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U.S. Supreme Court upholds Arizona’s ban on out-of-precinct voting. What could it mean for North Carolina voters?

The U.S. Supreme Court decision upholding an Arizona law that bans out-of-precinct voting could signal repercussions for North Carolina voters.

Tossing out ballots cast by people who vote in the wrong precinct was part of the 2013 North Carolina law best known for requiring voter photo ID.

A federal appeals court struck down the law in 2016 saying its provisions “targeted African-Americans with almost surgical precision.”

Several lawsuits challenging voter photo ID in North Carolina are ongoing.

North Carolina voters who go to the wrong precinct on Election Day have their choices count for races in which they are eligible to vote, as long as they vote in their home county.

The U.S. Supreme Court opinion handed down Thursday could clear the way for North Carolina legislators to try for an out-of-precinct ballot ban.

Opponents of the Arizona election provisions argued they disproportionately harmed Black and Hispanic voters in violation of Section 2 of the Voting Rights Act.

In the 6-3 opinion, Justice Samuel Alito wrote, “Having to identify one’s polling place and then travel there to vote does not exceed the usual burdens of voting.’”

NC Republican Rep. Grey Mills, chairman of the House Election Law and Campaign Finance Committee, and GOP Senators Warren Daniel, Ralph Hise, and Paul Newton, co-chairmen of the Senate Redistricting and Elections Committee, did not respond to email Thursday.

Bob Phillips, executive director of Common Cause North Carolina, said in an interview that he hoped the legislature would not attempt another out-of-precinct ballot ban.

In any case, Phillips doubted such a bill would survive a veto by Democratic Gov. Roy Cooper.

“Given what happened eight years ago and Republicans losing that legal battle – they would have a fight on their hands again if they tried to pass that,” Phillips said. “I cannot imagine that Democrats would join Republicans in passing that kind of law and having the Governor sign it.”

Republicans hold majorities in both the state House and Senate, but do not have enough votes to override vetoes on their own.

An attempt to reimpose a ban on out-of-precinct voting in North Carolina would invite another lawsuit, said Mitchell D. Brown, voting rights counsel at the Southern Coalition for Social Justice. The voting rights group challenged the state’s 2013 law, and filed an amicus brief in the Arizona U.S. Supreme Court case.

“We would challenge any law that bans out-of-precinct voting,” Brown said. “I think the data we have shows that there is a heavy disparate impact.”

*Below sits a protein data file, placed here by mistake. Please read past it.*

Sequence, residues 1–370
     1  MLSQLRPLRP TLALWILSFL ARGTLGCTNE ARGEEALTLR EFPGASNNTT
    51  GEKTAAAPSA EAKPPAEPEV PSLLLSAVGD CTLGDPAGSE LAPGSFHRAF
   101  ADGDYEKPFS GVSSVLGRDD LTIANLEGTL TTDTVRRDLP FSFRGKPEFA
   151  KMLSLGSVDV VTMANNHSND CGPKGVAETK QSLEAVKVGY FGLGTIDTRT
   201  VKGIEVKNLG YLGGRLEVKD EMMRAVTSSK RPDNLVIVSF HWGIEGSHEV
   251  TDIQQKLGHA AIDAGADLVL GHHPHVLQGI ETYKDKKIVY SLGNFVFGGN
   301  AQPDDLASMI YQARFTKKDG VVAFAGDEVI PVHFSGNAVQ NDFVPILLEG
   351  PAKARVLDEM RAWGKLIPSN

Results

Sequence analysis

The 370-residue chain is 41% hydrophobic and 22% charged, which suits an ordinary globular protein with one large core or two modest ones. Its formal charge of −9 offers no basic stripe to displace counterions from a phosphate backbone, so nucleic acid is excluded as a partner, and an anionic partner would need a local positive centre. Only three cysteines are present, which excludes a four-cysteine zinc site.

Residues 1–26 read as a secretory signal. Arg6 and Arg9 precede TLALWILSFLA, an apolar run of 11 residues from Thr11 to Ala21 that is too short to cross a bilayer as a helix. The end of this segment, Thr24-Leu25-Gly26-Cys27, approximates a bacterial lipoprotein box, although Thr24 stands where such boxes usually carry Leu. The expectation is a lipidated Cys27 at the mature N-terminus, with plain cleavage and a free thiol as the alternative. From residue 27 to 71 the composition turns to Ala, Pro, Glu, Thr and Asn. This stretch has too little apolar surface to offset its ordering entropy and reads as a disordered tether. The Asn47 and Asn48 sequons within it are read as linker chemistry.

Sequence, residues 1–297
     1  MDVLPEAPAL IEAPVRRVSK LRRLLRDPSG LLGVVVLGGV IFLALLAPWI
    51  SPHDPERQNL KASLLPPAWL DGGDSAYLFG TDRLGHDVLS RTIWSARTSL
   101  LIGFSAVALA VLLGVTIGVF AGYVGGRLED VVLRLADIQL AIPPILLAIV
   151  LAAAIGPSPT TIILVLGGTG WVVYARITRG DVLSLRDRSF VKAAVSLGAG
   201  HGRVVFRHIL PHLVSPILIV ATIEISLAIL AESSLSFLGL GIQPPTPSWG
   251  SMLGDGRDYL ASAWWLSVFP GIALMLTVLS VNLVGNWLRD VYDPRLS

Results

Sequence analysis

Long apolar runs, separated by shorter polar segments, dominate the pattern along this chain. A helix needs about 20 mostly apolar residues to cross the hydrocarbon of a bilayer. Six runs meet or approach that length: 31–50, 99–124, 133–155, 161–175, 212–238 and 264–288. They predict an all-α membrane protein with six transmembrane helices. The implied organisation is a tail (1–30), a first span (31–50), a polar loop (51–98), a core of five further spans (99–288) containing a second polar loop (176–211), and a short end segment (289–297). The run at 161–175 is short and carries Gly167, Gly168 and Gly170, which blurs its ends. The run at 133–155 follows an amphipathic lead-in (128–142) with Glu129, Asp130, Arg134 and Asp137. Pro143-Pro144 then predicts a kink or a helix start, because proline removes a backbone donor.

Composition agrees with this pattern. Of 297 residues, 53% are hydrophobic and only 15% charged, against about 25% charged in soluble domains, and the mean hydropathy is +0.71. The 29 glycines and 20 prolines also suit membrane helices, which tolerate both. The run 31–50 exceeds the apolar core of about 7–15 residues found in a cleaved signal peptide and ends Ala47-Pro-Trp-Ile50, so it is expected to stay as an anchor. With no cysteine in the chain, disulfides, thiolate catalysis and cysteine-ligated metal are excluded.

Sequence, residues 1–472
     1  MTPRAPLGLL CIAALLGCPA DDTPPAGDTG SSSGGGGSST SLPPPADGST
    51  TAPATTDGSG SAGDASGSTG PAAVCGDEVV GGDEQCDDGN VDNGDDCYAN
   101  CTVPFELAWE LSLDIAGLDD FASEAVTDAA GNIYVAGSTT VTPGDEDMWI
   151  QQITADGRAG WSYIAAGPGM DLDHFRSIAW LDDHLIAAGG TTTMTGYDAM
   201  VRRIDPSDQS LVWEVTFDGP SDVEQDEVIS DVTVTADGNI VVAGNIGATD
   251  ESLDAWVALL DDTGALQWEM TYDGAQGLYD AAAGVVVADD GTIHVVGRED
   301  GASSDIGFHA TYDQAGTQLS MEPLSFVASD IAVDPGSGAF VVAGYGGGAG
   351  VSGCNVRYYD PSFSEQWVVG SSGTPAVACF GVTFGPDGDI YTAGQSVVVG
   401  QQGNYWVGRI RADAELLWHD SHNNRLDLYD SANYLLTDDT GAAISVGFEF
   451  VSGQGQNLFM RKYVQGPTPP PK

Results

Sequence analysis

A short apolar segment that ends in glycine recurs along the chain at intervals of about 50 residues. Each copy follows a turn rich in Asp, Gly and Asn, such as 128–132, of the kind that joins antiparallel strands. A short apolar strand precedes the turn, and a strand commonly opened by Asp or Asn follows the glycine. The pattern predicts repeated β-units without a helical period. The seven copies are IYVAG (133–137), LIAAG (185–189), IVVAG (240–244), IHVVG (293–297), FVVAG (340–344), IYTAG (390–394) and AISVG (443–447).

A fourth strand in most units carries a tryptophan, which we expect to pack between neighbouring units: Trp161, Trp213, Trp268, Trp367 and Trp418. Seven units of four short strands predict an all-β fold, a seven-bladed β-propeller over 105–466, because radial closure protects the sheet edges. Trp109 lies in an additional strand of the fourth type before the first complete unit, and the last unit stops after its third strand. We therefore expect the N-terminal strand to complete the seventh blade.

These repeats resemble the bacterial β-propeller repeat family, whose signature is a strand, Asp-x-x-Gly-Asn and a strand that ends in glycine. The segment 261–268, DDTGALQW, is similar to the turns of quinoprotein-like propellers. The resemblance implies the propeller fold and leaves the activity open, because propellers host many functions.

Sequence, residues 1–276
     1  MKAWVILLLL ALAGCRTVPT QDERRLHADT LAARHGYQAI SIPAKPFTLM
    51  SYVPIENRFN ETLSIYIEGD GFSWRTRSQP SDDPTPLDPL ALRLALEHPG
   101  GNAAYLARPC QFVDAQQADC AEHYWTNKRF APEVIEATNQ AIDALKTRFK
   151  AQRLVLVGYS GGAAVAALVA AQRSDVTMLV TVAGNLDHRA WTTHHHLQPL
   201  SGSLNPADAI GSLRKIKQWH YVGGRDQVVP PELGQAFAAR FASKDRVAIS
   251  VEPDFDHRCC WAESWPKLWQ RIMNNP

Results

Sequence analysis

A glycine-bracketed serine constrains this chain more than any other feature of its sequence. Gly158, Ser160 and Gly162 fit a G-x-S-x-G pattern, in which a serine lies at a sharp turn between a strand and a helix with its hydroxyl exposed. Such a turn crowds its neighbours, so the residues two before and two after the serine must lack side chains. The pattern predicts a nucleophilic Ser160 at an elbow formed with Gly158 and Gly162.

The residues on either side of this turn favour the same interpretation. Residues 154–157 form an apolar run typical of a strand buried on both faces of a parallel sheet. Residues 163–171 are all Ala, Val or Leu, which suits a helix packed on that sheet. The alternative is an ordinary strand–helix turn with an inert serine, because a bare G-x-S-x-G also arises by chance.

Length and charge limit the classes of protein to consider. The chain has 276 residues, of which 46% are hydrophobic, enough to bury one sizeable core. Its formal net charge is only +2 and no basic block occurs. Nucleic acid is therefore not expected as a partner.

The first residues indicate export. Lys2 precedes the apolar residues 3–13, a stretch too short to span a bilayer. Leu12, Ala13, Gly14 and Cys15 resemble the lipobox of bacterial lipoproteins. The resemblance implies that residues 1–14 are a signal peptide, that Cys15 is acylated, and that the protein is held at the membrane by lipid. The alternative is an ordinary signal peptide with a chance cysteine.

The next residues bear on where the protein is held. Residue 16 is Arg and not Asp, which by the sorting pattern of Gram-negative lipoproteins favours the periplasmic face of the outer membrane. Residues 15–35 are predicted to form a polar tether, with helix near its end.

In its amicus brief, the Southern Coalition for Social Justice described the burdens placed on Black voters in North Carolina who had their ballots thrown out because they could not get to their assigned precincts due to disability, lack of transportation, or work obligations that prevented them from traveling long distances. The North Carolina law was active for a short time in 2014.

Black voters change residences more often than white voters, and are less likely to have transportation, the brief said.

Those examples show how voting laws that appear to be neutral “can have a profound, and inevitable, adverse effect on minority voting,” the brief said.

In one case, a couple in Wayne County walked to the polling site closest to their home, but were told they were at the wrong place. Their assigned precinct was more twice the distance from their home, according to the brief.

They did not own a car, could not afford to use public transportation, and had physical disabilities that limited how far they could walk.

Because they couldn’t walk to their assigned precinct, they cast out-of-precinct ballots that ended up getting thrown out.

In the Supreme Court opinion, Alito wrote that the Arizona ban on out-of-precinct ballots was okay for 98% of voters.

“The racial disparity in burdens allegedly caused by the out-of-precinct policy is small in absolute terms,” he wrote. “Of the Arizona counties that reported out-of-precinct ballots in the 2016 general election, a little over 1% of Hispanic voters, 1% of African-American voters, and 1% of Native American voters who voted on election day cast an out-of-precinct ballot. For non-minority voters, the rate was around 0.5%. A procedure that appears to work for 98% or more of voters to whom it applies—minority and non-minority alike—is unlikely to render a system unequally open.”

Brown, the Southern Coalition lawyer, said it matters if  2% of voters are blocked by law from having their votes count.

“By definition, if 2 percent cannot access the ballot box, that’s not equal access,” Brown said. “Two percent is a lot of voters, and that could change the outcome of elections.”

The U.S. Supreme Court decision comes as dozens of states have approved or are considering more voting restrictions, according to the Brennan Center for Justice.

Cheri Beasley, a candidate in the Democratic primary for U.S. Senate, denounced the decision.

“As more than 40 legislatures across the country work to disenfranchise voters, especially voters of color, the Supreme Court struck another blow to our democracy by giving states the ability to do just that with limited recourse,” Beasley, a former NC Supreme Court chief justice, said in a statement.

“This decision dangerously puts at risk our ability to fight against voter suppression and makes it even more urgent for Congress to act to protect Americans’ right to vote. In the Senate, I will always stand up for what’s right and will fight to protect the fundamental right to vote.”

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